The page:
HUNTERSVILLE – In the name of telling the whole story of life at Latta Plantation, the site is welcoming an actress portrayal of Harriet Tubman during Black History Month.
Carolyn Evans, a New York actress who also keeps a home in Wake County, will perform what’s billed as a “histo-drama” Feb. 15 in the plantation barn.
Evans’ one-woman show presents moments from the life Tubman, known most notably her for her involvement in the Underground Railroad. But the actress wants to spread the word of a wider range of what Tubman represented.
“I would like them to learn her love of people, her obligation to humans,” said Evans, who portrays other influential black women including Sojourner Truth, Mamie Till and Sara Margru Kinson. “She was a humanist. She was a suffragette, an abolitionist.”
Latta Executive Director Annemarie Reiley-Kay said the story of Tubman helps make the site’s education programs more complete.
“This organization represents a larger community, and it’s important to represent the community as a whole,” Reiley-Kay said, noting Latta’s teaching of the Underground Railroad to school groups. “To be authentic, you have to do that. That’s where a lot of places get themselves in trouble. We’re a historic site but we’re an educational site, so we have to tell the greater story.”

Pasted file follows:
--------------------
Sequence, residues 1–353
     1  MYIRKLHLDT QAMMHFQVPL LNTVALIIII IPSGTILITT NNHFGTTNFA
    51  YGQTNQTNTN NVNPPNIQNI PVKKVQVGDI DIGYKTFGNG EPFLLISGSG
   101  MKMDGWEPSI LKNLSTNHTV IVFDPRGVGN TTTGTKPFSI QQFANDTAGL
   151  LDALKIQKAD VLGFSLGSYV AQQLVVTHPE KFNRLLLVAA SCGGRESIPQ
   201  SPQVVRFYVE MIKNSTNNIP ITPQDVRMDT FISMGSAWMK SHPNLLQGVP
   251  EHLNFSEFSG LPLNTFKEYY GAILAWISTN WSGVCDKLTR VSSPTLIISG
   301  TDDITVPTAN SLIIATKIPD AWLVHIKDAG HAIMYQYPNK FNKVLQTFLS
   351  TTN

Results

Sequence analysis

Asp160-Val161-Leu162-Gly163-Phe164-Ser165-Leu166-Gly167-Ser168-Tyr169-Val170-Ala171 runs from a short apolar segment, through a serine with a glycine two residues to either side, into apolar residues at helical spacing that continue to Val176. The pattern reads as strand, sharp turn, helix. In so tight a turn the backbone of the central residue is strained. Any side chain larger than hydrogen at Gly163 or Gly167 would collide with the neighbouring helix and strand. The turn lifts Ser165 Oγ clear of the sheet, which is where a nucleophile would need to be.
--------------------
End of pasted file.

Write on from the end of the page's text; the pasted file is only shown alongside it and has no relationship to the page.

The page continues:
In her 45-minute show, Evans will take the audience through Tubman’s life during the Victorian era, including the Civil War. Tubman was part of the Combahee Ferry Raid, Battle of Fort Wagner, draft riots and the heroic Gullah Geechee 2nd South Carolina unit.
“She was one of the most heroic women in America during the Victorian era,” Evans said. “Her dreams of emancipating people, whether physically or spiritually, are still a driving force in America today.”
The performance is free to the public, and Reiley-Kay asks that those planning to attend RSVP by calling the site.
“We’ve had a very positive response,” she said. “If the weather was nice enough, we could do it outdoors on the benches.”
Evans is currently on tour, and has several stops in the Carolinas, including Southport, the House in the Horseshoe State Historic Site near Sanford and eventually the Black Cowboy Festival in Rembert, S.C., in May.
She said despite having multiple figures she can portray, “Everybody’s asking about Harriet.”
There were less than 20 seats left as of Tuesday, Feb. 5. There will be light refreshments and a meet-and-greet with Evans following her performance. For more information, visit www.lattaplantation.org and click on the “events” link.